Scenario 1 

In this scenario, Liz does not repeat her views on religion to Jen, and Jen does not say anything more about her faith to Liz. They continue working together, albeit with some awkward silences. 

This is clearly acceptable.

Scenario 2 

In this scenario, Liz makes a point of repeating her views on religion to Jen whenever they are together. Liz asks Jen whether she also believes in the tooth fairy, and demands to know why she is wearing a polycotton blouse when there is an edict in Leviticus 19 against wearing clothes made from more than one fabric. In the canteen, she highlights news stories about child abuse in the church or religious wars whenever Jen is nearby. When Jen asks her to tone it down, she points out in a way Jen finds belligerent that her lack of belief is just as much a protected characteristic as Jen’s belief, and suggests sarcastically that Jen practise turning the other cheek.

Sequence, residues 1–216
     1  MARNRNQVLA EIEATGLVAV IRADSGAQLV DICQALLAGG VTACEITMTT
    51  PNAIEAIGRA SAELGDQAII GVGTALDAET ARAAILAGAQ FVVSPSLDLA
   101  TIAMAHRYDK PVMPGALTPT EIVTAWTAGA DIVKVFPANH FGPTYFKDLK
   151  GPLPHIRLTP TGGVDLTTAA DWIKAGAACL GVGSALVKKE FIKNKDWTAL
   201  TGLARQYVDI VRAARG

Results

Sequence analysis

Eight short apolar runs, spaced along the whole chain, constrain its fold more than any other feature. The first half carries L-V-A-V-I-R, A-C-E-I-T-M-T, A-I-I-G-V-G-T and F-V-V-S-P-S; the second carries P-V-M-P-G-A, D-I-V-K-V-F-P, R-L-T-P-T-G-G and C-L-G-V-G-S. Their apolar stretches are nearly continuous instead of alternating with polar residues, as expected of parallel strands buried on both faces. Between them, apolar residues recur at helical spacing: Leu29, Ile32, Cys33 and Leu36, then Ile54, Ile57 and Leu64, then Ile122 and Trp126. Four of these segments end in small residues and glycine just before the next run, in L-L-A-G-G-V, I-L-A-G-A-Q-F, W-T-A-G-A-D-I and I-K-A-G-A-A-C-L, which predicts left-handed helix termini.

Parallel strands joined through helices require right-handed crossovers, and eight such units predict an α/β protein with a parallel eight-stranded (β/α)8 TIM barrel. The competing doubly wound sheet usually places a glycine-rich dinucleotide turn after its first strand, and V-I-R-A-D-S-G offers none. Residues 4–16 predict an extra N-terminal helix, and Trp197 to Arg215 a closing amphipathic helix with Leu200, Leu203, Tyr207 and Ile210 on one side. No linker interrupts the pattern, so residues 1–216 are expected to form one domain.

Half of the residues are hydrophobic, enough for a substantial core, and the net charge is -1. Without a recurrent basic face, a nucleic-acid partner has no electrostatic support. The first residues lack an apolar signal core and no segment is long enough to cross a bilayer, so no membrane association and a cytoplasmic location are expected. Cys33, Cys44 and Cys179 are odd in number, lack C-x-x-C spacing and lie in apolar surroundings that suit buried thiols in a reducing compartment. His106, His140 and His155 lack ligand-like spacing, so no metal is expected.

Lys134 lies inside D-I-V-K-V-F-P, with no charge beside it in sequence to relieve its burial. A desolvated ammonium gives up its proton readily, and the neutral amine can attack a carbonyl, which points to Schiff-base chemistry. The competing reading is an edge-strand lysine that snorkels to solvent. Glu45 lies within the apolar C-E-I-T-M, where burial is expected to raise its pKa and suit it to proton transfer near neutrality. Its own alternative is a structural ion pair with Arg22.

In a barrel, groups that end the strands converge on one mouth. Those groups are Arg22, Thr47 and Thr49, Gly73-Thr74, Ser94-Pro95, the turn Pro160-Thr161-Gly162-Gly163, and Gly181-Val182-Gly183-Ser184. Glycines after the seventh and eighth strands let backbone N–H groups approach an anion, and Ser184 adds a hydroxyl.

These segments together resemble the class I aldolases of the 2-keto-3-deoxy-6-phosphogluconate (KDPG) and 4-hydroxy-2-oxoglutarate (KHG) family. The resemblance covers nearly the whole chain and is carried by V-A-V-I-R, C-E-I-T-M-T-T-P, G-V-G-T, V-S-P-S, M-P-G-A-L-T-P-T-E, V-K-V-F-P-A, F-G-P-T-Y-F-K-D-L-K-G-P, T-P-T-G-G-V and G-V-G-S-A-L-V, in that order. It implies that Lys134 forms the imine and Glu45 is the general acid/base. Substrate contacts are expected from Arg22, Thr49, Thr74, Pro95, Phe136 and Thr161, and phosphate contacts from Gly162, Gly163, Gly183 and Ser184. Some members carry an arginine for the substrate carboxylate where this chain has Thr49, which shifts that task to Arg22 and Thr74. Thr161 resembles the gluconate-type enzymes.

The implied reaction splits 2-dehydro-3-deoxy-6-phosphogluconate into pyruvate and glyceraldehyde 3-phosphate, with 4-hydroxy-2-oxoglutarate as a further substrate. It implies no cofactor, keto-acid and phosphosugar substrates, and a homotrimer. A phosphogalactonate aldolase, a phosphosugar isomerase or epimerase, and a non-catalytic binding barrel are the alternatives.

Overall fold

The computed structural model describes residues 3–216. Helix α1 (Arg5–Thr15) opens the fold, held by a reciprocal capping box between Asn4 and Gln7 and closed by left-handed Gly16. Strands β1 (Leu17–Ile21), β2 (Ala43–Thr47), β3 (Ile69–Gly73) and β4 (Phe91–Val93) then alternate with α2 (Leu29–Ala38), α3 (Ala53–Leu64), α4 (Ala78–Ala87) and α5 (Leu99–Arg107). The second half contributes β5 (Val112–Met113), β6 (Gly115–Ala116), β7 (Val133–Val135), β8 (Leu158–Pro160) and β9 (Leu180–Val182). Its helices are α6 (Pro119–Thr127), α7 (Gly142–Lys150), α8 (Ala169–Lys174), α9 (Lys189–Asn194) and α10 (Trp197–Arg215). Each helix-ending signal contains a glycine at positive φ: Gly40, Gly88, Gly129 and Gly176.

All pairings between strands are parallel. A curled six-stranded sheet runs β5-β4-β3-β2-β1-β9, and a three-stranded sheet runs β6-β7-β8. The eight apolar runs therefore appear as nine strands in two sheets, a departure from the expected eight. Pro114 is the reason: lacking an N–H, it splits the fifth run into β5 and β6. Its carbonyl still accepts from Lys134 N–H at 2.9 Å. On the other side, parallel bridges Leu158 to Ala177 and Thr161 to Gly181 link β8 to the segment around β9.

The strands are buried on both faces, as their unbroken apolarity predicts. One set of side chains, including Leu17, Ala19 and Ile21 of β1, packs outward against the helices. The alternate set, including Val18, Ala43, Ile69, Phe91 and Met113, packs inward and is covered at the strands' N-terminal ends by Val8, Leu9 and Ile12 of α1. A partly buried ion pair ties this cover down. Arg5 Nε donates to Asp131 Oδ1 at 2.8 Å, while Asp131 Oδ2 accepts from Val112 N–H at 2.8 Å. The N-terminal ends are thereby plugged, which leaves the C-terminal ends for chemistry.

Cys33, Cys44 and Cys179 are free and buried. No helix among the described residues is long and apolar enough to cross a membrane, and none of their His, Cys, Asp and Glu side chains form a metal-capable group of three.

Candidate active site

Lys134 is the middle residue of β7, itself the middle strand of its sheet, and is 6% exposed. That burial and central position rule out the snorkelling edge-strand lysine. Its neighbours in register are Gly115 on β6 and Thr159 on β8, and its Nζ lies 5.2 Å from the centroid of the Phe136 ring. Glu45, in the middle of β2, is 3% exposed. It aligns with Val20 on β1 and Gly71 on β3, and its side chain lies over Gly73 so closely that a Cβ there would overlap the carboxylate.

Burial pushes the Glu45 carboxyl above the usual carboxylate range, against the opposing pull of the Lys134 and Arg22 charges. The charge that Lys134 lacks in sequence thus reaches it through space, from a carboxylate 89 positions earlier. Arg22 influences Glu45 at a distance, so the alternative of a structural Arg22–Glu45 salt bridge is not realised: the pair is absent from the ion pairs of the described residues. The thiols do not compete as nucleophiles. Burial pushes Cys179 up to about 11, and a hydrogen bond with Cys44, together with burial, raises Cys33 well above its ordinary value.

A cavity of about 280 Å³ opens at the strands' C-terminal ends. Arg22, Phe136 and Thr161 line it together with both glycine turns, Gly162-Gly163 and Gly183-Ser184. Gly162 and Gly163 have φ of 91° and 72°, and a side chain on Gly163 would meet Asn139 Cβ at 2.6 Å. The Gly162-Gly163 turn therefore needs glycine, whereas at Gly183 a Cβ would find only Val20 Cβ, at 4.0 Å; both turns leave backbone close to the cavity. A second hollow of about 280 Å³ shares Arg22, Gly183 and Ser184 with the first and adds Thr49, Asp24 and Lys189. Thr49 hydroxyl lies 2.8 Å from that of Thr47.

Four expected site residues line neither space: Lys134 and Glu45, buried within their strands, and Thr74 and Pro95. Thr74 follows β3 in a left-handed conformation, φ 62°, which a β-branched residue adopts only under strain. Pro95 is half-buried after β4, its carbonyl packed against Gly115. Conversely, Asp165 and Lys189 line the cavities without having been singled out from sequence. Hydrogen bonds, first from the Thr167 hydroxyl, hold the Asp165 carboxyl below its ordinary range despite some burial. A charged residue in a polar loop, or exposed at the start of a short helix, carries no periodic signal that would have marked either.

Liz is clearly harassing Jen.

Scenario 3 

Knowing that Liz is an atheist, Jen persistently tries to convert Liz despite Liz’s clear lack of interest, offering to pray with her, and giving her Bible study leaflets. After Liz’s picture is in the papers showing her attending a pro-choice march, Jen tries to interest her in materials including a “post abortion course” run by her church and focusing on forgiveness, which Liz finds particularly offensive because, unknown to Jen, Liz had an abortion aged 15 after being date-raped.

Jen is clearly harassing Liz, even if she was unaware of Liz’s personal history.

Scenario 4